The other day, a woman lashed out at me for announcing my latest pregnancy online. This particular woman’s stock in trade is lashing out; and since I’m pretty sure I don’t (as she accused me of doing) parade my perfect children around like perfect trophies to prove that I’m a perfect Catholic mom, I didn’t give her anger much thought. Just another angry person on the internet.
Later, out of curiosity, I read more of her comments. And then my heart broke.
It was a lot of what I expected: You Catholic moms think you’re so great! You think I’m bitter, but I’m not! Who cares what you do with your stupid perfect lives! You think you’re happy, but you’re not!
You think that just because I don’t have any kids, God doesn’t love me!
It was as transparent as a child who howls and screams that he is not tired, not tired at all. Only no one was going to come to this woman, pick her up, soothe her, and put her to bed. No one was going to say, “It’s all right, sweet one. I hear what you’re saying. Let me help you and give you what you need, so you will feel better.” She thinks that God doesn’t love her, because He didn’t give her any children.
It’s not true. God loves you. But I don’t know how, just like I don’t know how or why or how much He loves me. He makes rain fall on the wicked and the just, and woe to the just who think that they deserve the rain.
This is not easy. When we love somebody and want to show them our love, we give them things – do nice things for them – make them feel our love in the way we know best. If I spent four months hunting for the perfect present for my husband, and he acted like it just randomly fell out of the sky because he’s a lucky fellow, I would be annoyed. No! I would think. I gave you that on purpose, to prove that I love you! This is personal!
And it is personal when God gives us good things. But it’s not proof of His love, exactly. It’s not that simple. Yes, everything that is good comes from God, and He deserves our thanks and praise for the things He give us. But the problem comes when we look at His gifts and draw conclusions about ourselves.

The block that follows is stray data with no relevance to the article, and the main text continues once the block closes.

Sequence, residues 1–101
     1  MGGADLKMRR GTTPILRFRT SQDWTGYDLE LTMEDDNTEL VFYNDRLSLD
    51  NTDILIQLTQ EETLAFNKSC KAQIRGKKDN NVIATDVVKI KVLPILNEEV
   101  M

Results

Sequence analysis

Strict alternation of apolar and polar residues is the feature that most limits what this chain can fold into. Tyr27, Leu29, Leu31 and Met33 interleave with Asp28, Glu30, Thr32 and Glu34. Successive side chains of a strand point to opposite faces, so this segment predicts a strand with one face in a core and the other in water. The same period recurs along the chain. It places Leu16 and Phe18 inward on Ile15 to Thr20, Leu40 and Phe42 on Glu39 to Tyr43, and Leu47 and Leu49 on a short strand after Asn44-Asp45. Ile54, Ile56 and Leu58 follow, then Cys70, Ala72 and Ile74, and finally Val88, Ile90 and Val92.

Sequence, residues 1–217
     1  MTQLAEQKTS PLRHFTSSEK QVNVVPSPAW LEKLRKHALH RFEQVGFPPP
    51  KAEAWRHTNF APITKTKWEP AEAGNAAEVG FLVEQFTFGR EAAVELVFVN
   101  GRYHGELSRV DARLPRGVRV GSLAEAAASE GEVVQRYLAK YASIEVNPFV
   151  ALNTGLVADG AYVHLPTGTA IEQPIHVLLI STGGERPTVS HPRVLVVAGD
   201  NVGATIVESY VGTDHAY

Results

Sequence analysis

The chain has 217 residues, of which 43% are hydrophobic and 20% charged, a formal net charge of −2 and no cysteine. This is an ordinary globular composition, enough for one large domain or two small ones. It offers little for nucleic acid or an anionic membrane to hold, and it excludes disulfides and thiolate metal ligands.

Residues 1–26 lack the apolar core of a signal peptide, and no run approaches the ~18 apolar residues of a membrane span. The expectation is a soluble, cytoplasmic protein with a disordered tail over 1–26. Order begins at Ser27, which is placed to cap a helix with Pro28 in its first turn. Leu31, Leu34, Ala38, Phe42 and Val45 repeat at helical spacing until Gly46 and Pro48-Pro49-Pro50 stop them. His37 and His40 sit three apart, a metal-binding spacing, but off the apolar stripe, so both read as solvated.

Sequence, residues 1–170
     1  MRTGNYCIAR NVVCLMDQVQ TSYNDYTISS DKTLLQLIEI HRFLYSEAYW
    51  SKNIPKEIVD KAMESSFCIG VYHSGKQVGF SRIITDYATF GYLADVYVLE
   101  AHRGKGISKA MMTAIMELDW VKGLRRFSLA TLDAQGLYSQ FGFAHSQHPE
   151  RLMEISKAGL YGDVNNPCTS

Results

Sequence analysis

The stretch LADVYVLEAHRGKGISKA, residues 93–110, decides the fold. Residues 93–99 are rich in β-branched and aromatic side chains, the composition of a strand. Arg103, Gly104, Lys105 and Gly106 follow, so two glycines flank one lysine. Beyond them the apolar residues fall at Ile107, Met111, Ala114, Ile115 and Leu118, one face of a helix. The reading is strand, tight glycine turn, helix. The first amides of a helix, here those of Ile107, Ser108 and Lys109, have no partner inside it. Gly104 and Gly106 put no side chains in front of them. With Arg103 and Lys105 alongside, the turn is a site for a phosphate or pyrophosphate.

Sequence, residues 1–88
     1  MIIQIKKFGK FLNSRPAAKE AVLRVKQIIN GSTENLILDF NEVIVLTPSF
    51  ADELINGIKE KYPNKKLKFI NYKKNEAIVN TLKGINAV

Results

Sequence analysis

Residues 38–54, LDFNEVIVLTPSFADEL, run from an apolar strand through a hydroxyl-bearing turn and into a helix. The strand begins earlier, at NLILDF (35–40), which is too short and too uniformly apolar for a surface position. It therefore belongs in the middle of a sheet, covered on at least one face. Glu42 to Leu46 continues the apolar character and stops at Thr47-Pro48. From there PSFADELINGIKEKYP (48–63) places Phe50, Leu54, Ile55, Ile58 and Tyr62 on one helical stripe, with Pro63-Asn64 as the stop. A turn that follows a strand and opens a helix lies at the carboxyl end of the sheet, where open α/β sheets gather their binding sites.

This is why I rarely say, “God has blessed us” when I mean, “We have good things” — whether it’s things like the sunny little house where we live, or a car that keeps running one more year, or a happy weekend, or a living, breathing baby (or ten). I say, instead, “We’re so lucky.”
I mean that the good things that come to us are only the hem of the mystery of God’s goodness. They are only a rumblings in the outskirts of the real workings of the economy of grace. It is a very good thing to be grateful and to praise God for the things we receive. It is a monstrously bad thing to conclude that we got them as a reward for good behavior. And all too often, at least in the 21st century of the United States, that is how we use the word “blessing.”Witness the blaspheming Osteens telling us,
To experience [God’s] immeasurable favor, you must rid yourself of that small-minded thinking and start expecting God’s blessings, start anticipating promotion and supernatural increase. You must conceive it in your heart before you can receive it. In other words, you must make increase in your own thinking, then God will bring those things to pass.
Tit for heavenly tat, in other words. Well, Jesus wasn’t small minded. Jesus’ Father loved Him, and look at Him. Look at Him:
PIC Grunewald cruxifix
This is why I do not say that I am blessed, even though I know that this is the word that is technically, theologically sound. I think it means something different to modern ears. I am afraid that it says something so loathsome that I don’t want to risk it.
If my happiness is a sign that God has blessed me, what does that equation say to people who aren’t experiencing “promotion and supernatural increase”? To the people whose house is washed away, whose husband is shot down, whose womb is barren? It says what my reader said, without knowing she was saying it:
God does not love me.
So I don’t say that I am blessed. Instead, I say that I am lucky to have all that I have, because it is closer to something that I cannot express: in my best hours, my witless bafflement in the face of God’s mercy to me and my family. I am lucky, not because my good fortune has no meaning or no purpose or no design, but because I do not know why it happens. It happens because God loves me in this way at this time, when I am just and when I am unjust. I do not know why.
Why do I have, and why does she not have? I don’t know. It is easy for me to see that God loves me, because I am simple: I see that He has given me many things, and to my childish soul, that spells love. When I pray for other people, I often ask that He will bless them in obvious ways, that He will make it as clear as possible that they are loved. I suppose this shows some arrogance, telling God how to do His job. But really it’s fear. I am afraid to learn more about the other kind of love.